Jim Jubak's Portfolios for Income Investors

Two reasons for this post:

1. Many readers of this blog are interested in dividend paying stocks. This may alert those among them who have never heard of Jim Jubak to his income portfolios.

2. Some time this month (hopefully soon) I plan to put up a review of Motley Fool's Income Investor newsletter. Jubak's Dividend Portfolio will be a useful comparison.

Jim Jubak is senior market's editor at MSN Money. He usually writes two columns a week, which are published on Tuesdays and Fridays here. Sometimes he makes mistakes, but usually he is dead on. As an example, check out his article on Blackstone (BX) before the firm's initial public offering last year.

Jubak runs a number of model portfolios, which have done very well. His main portfolio, Jubak's Picks, has returned over 13% annually from May 1997 through June 2008.

Jubak's Dividend Stocks for Income Investors has also returned over 13% annually (from late 2005 through April 2008). He plans to retire this portfolio, and has started constructing a new one, called the Unfixed Income Portfolio. He announced it here.

The following is a review--sort of--of the Dividend Stocks for Income Investors portfolio. Where appropriate I mention Jubak's other portfolios.

When started, the Dividend Stocks for Income Investors goal was "to find equity investments with yields at or above the 4.5% paid by the 10-year Treasury note that are also safer than those Treasurys."

The Good

1. It's free. All you have to do is read Jubak's columns.

2. Jubak has a great track record as a stock picker.

3. The model portfolio method is much easier for readers to replicate than what newsletters typically do. With a model portfolio, Jubak has limited funds to work with. When he adds a stock, he has to do it with the cash in the portfolio. If there is not enough cash, he has to replace an old holding with a new one. This is much closer to what individual investors do with their portfolios, especially income investors (usually retirees with a limited amount of fresh money to invest).

Newsletters, on the other hand, usually provide a few stock picks per week or month, making it very hard for typical investors to own all their picks. As everyone makes mistakes, even the best newsletters pick bad stocks. If you cherry pick even a great newsletter's stock selections, you might wind up with the ones that don't do as well. For example, suppose the newsletter picks 24 stocks a year, but you can only afford to buy 10. It's entirely possible that the 14 picks you don't buy are the ones that contribute to the newsletter's market beating returns. The stocks you do buy might be the ones that lower returns.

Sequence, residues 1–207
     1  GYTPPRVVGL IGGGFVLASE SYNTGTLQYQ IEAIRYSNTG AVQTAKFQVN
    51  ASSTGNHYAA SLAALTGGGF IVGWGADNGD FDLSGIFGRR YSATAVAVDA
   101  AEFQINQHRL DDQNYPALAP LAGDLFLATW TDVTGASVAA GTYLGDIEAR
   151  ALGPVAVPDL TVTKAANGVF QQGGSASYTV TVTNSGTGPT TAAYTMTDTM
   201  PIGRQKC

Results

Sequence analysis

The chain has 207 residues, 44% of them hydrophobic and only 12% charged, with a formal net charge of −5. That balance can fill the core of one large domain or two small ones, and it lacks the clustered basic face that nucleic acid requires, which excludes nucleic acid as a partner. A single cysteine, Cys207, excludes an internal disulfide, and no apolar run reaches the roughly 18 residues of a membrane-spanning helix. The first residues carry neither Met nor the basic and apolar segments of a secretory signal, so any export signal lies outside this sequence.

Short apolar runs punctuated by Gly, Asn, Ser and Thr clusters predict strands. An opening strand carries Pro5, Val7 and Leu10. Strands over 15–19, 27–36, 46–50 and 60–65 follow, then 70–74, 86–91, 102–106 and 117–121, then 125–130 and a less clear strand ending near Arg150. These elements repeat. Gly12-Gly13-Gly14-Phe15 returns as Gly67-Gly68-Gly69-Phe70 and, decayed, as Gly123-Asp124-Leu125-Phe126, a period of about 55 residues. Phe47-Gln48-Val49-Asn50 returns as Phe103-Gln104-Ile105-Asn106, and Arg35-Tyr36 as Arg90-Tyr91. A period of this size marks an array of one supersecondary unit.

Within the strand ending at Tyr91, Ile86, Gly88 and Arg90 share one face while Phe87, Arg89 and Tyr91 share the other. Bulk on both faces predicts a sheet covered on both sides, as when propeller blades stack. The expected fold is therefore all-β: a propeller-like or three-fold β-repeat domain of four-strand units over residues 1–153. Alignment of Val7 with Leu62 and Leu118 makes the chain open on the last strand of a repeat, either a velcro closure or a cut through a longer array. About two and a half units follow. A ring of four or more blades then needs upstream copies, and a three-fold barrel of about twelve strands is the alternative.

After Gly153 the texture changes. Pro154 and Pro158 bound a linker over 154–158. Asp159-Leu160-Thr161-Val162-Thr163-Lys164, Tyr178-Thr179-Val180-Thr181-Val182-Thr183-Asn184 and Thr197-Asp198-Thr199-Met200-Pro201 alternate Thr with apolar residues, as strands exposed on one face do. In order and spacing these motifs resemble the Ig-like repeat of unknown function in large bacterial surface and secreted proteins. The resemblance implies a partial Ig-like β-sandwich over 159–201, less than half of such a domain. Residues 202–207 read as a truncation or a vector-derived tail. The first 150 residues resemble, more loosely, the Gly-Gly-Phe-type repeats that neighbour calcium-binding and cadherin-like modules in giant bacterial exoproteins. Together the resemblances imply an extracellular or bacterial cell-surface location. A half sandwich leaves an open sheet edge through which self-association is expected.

4. The Dividend portfolio has included certificates of deposit and Treasury notes. This is different from many newsletters, which often are restricted to stocks.

5. Jubak often puts his own money in his model portfolio picks. Here are his general suggestions for new investors wishing to follow him.

6. Unlike newsletters, which give readers a certain number of picks every month (or week, etc), Jubak updates his portfolios mostly when he thinks it's a good time to buy new stocks or sell old ones. He has less incentive to crank out new picks constantly. This usually means that the picks will be better than the "our best ideas at the time" picks of many newsletters.

The Not So Good

1. For the Dividend Portfolio, there isn't a separate page with updates (the Jubak's Picks portfolio has one here). There is a tracker of sorts here, but it does not include certificates of deposit or similar positions. The new Unfixed Income Portfolio does not have any sort of tracking at all so far. Readers wanting portfolio updates have to keep up with Jubak's columns. It's not entirely a bad thing, since one can learn a great deal by reading what Jubak has to say.

2. Number 6 above notwithstanding, Jubak does face some pressure to modify his portfolio. After all, he has to keep up reader interest. Some stocks that he would otherwise hold for a longer period are sold off as a result. This is more true of Jubak's Picks than it is of the Dividend Portfolio.

3. Since portfolio picks and drops are announced in Jubak's columns, and the columns are posted at set times, portfolio modifications may not always occur at the best times.

4. Because of the model portfolio format, Jubak does not buy the same stock on multiple occassions. He does not average down or up. When he thinks a potentially good stock may go lower in the near term, Jubak tells his readers that the pick should be viewed as an anchor position and they might have an opportunity to average down at a later time.

I can't think of anything bad. To sum up, Jubak has a great track record and his model portfolios are free.


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